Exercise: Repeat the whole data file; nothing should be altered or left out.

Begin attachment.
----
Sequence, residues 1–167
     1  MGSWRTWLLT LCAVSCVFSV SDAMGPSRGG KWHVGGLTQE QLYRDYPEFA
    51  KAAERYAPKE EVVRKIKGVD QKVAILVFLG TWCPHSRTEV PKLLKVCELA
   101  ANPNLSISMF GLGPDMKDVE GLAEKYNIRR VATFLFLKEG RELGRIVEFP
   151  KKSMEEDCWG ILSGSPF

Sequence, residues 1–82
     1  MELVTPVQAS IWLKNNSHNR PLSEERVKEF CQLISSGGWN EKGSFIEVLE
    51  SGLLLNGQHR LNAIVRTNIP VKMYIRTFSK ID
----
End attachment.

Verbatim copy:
Sequence, residues 1–167
     1  MGSWRTWLLT LCAVSCVFSV SDAMGPSRGG KWHVGGLTQE QLYRDYPEFA
    51  KAAERYAPKE EVVRKIKGVD QKVAILVFLG TWCPHSRTEV PKLLKVCELA
   101  ANPNLSISMF GLGPDMKDVE GLAEKYNIRR VATFLFLKEG RELGRIVEFP
   151  KKSMEEDCWG ILSGSPF

Sequence, residues 1–82
     1  MELVTPVQAS IWLKNNSHNR PLSEERVKEF CQLISSGGWN EKGSFIEVLE
    51  SGLLLNGQHR LNAIVRTNIP VKMYIRTFSK ID